Unraveling the Gordian knot: genetics and the troubled road to effective therapeutics for Alzheimer’s disease

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3 Scopus citations


In the late 20th century, identification of the major protein components of amyloid plaques and neurofibrillary tangles provided a window into the molecular pathology of Alzheimer’s disease, ushering in an era of optimism that targeted therapeutics would soon follow. The amyloid-cascade hypothesis took hold very early, supported by discoveries that dominant mutations in APP, PSEN1, and PSEN2 cause the very rare, early-onset, familial forms of the disease. However, in the past decade, a stunning series of failed Phase-3 clinical trials, testing anti-amyloid antibodies or processing-enzyme inhibitors, prompts the question, What went wrong? The FDA’s recent controversial approval of aducanumab, despite widespread concerns about efficacy and safety, only amplifies the question. The assumption that common, late-onset Alzheimer’s is a milder form of familial disease was not adequately questioned. The differential timing of discoveries, including blood–brain–barrier-penetrant tracers for imaging of plaques and tangles, made it easy to focus on amyloid. Furthermore, the neuropathology community initially implemented Alzheimer’s diagnostic criteria based on plaques only. The discovery that MAPT mutations cause frontotemporal dementia with tauopathy made it even easier to overlook the tangles in Alzheimer’s. Many important findings were simply ignored. The accepted mouse models did not predict the human clinical trials data. Given this lack of pharmacological validity, input from geneticists in collaboration with neuroscientists is needed to establish criteria for valid models of Alzheimer’s disease. More generally, scientists using genetic model organisms as whole-animal bioassays can contribute to building the pathogenesis network map of Alzheimer’s disease.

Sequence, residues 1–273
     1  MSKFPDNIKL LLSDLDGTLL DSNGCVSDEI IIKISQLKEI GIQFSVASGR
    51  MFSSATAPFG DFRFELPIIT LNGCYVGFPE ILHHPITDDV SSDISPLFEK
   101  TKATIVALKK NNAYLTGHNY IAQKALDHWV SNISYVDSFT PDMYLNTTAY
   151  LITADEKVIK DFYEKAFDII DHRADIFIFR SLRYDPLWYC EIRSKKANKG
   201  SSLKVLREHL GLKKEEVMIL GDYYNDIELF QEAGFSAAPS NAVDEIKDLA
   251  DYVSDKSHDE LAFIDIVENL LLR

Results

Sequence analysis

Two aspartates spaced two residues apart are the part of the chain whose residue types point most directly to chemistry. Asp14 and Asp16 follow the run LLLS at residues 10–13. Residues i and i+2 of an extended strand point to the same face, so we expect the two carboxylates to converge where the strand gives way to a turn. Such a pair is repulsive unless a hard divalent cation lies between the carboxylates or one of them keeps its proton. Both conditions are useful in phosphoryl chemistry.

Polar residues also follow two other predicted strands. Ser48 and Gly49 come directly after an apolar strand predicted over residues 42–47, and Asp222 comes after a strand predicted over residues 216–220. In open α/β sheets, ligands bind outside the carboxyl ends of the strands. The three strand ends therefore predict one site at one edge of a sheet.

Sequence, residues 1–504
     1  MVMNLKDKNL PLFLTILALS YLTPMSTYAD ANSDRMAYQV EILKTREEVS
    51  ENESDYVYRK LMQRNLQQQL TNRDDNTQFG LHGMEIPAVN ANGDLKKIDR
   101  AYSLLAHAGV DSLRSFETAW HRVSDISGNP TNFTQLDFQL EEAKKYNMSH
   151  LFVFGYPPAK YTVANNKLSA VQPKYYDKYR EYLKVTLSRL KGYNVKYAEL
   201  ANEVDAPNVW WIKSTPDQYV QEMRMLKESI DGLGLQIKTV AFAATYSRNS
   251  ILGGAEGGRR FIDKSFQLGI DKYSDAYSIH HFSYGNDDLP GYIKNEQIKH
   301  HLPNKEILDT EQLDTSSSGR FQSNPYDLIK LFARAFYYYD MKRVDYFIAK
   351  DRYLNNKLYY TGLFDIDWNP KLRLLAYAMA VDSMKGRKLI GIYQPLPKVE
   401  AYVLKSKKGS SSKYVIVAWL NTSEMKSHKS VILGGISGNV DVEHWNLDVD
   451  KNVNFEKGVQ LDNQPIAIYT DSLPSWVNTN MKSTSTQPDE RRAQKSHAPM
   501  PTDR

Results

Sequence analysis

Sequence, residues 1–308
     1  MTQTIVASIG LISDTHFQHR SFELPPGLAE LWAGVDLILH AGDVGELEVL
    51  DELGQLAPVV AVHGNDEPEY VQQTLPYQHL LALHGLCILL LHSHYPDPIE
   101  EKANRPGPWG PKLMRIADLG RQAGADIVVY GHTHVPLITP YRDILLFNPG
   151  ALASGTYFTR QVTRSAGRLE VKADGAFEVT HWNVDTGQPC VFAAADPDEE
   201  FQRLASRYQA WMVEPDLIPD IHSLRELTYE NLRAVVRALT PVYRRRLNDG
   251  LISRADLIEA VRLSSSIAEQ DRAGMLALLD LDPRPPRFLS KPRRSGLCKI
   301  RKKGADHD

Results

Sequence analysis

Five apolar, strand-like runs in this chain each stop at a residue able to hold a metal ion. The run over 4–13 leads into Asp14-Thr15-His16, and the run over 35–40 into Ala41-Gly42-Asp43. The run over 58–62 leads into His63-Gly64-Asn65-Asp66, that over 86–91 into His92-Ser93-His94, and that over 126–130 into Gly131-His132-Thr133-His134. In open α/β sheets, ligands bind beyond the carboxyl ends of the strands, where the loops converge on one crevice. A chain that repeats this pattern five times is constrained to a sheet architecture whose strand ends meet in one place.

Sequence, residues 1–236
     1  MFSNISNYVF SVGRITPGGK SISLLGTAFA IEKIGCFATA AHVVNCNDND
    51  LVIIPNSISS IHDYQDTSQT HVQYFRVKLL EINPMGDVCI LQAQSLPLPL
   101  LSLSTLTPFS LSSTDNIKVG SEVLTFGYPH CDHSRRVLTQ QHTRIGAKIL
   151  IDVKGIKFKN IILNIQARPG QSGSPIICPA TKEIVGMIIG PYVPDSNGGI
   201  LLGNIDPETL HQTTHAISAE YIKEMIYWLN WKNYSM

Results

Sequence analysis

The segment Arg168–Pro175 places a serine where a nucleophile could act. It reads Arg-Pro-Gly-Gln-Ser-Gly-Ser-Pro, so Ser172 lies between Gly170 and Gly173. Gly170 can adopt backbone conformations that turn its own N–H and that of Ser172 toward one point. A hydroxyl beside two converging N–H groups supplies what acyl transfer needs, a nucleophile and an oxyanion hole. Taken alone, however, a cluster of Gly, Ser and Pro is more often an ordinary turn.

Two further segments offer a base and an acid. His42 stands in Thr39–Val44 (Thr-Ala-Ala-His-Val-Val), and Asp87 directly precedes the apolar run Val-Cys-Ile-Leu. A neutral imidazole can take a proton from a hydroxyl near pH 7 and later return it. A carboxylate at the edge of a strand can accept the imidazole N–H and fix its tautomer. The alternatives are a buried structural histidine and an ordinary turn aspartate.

Original languageEnglish (US)
Article numberiyab185
Issue number1
StatePublished - Jan 2022


  • APP
  • Amyloid plaque
  • EOAD
  • FDA
  • LOAD
  • MAPT
  • Neurofibrillary tangle
  • PSEN1
  • PSEN2
  • Tau

ASJC Scopus subject areas

  • General Medicine


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